A common problem achieving full VBA and Macro automation with Excel is that the warning messages can halt your script in the middle of processing. Learn how to stop that problem and achieve full Excel automation with VBA…
Excel is pretty smart in that it will inform you when an action is going to change something significant in your workbook. This is usually a great safety feature to prevent you from making mistakes but there are time when you are automating a process and ideally you do not want Excel to keep prompting you during this.
For example, a simple bit of VBA script to delete a worksheet called “Data” from a workbook would be written like below:
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Sub deletesheet() Sheets("Data").Delete End Sub
But when you run this VBA script you will get the Excel alert:
And that means you have to stop what you are doing and click on “Delete” for the code to complete, sure this is not a major task but this is a simplified example. Imagine if you have a macro that runs for 20-30minutes and instead of being able to leave alone you have to sit and wait for multiple messages like this.
The solution is a piece of code that needs to be included in your visual basic script.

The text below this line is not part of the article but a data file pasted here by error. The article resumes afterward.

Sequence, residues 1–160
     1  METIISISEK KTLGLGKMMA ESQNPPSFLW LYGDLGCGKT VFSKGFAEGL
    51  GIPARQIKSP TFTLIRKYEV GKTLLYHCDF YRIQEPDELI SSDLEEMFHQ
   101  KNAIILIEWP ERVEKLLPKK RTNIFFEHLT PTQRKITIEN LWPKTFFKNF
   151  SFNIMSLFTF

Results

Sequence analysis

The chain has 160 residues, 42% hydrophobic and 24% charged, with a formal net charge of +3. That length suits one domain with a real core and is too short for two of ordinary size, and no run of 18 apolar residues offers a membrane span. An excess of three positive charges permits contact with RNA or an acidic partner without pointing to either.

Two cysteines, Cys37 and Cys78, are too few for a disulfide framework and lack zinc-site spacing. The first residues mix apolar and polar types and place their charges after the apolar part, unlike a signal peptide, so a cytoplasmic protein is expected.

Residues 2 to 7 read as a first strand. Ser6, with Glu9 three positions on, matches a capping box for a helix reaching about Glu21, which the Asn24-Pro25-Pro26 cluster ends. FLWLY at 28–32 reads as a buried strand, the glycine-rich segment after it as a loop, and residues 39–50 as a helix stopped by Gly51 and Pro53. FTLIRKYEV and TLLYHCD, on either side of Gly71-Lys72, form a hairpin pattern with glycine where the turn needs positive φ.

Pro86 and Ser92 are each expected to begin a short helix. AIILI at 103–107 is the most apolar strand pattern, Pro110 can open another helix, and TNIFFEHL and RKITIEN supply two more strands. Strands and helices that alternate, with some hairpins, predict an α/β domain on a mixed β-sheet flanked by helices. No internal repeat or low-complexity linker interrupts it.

You need to insert the following line at the beginning of your procedure to ensure that right from the get-go Excel does not display any warning messages or alerts:
Application.DisplayAlerts = False
So in our simple example above the VBA script now becomes:
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Sub deletesheet() Application.DisplayAlerts = False Sheets("Data").Delete End Sub
What does this do?
The parts of the code can be broken down like follows:
- Application: This tells Excel that we are referring to the Excel Application.
- DisplayAlerts: This tells Excel that we are referring to the Display Alerts option within the Excel application.
- = False: This tells Excel that we want to switch alerts off, common practice with VBA is to set something to false. If we set to True it turns them on.
Do you need to switch displayalerts back on?
There is no need to switch the alerts back on at the end of the procedure. A lot of people will do this and in a way it is good practice and keeps the script clean by inserting the line
Application.DisplayAlerts = True
right at the end of your script, but it is not needed. Excel will switch alerts back on once your procedure has completed by default.
To achieve full Excel automation using VBA you will often find that the use of Application.DisplayAlerts = False is necessary in your VBA script.
Always insert at the beginning of the script if you are trying to achieve full Excel automation with VBA as otherwise you might get some initial alerts that need attention.
There is no need to switch back on at the end of the procedure, Excel does this for you, however it can sometimes be worth adding in-case it confuses less experienced Excel analysts.
Finally make an effort to test your scripts before including this line. You should always test the script first to understand what alerts pop-up and whether or not they are issues that need to be addressed. Only when you are satisfied that the script works as intended should you switch the alerts off.
Now you are one step closer to achieving Excel automation with VBA!